Crime novelist James Ellroy is an appropriate if eccentric tour guide for L.A.'s sordid history, beginning with his own mother's murder and his fascination with the Black Dahlia.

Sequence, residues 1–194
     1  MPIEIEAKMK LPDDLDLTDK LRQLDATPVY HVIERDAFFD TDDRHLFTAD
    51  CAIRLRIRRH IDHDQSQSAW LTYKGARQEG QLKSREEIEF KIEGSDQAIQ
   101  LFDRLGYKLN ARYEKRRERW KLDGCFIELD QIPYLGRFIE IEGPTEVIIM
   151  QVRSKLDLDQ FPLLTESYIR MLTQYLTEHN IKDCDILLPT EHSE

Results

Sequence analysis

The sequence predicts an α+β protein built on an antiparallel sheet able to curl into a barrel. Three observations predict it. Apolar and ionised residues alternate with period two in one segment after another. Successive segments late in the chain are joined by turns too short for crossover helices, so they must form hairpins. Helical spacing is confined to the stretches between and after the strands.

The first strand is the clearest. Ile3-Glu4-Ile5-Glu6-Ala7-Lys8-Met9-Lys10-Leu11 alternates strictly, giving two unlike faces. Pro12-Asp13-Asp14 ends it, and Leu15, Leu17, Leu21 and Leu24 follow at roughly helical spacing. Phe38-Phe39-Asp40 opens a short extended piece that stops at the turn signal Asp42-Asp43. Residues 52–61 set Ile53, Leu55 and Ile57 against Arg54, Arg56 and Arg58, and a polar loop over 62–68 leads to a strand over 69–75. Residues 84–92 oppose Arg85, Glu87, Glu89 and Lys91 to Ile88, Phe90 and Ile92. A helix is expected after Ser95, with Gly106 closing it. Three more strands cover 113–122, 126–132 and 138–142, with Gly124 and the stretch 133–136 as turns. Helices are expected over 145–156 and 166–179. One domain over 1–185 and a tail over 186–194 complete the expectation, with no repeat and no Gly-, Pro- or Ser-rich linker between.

Crime novelist James Ellroy is an appropriate if eccentric tour guide for L.A.’s sordid history, beginning with his own mother’s murder and his fascination with the Black Dahlia. He explores both cases in the premiere of “James Ellroy’s LA: City of Demons,” which allows the author to unleash all his idiosyncrasies — including his overheated direct-to-camera narration, in a voice as dissonant as the show’s theme music. Ellroy’s potboiler style will be off-putting to many people, but the lurid subject matter actually feels like a pretty good fit with Investigation Discovery’s unabashed immersion in crime.If nothing else, with Ellroy’s gaunt appearance and stilted speech pattern, “City of Demons” won’t be confused with much else on television. Throw in his exchanges with an animated, tough-talking crime dog, Barko (which is pretty embarrassing), and this might become a guilty favorite of weed smokers and hep cats everywhere. The writer covered some of this material previously in a 2001 documentary titled “Feast of Death,” in which he swapped stories with various detectives and investigators. “Dead women own me,” he announces at the outset. The production itself is awkward and ham-handed in places, especially in terms of recreating moments. When Ellroy talks about pursuing a lead years ago with a retired detective, the two are shown in the car together, as if someone had been chronicling these events from the back seat all along. It’s a reminder how “reality” is stitched together, and here, anyway, the seams show. Mostly, though, “City of Demons” seems like a chance to dredge up not just Ellroy’s memoir “My Dark Places” but the underlying history that went into his classic “L.A. Confidential,” with the second hour examining the Lana Turner-Johnny Stompanato murder and the “scandal rags” of the 1950s. Investigation Discovery hasn’t been shy about pursuing a “Crime pays” philosophy, which has largely succeeded in invigorating the channel. Granted, turning Ellroy into a TV personality is a quirky bet, but when embracing trashy titles like “Who the (Bleep) Did I Marry?” and “Wicked Attraction,” why bother being hush-hush about one’s tabloid intentions.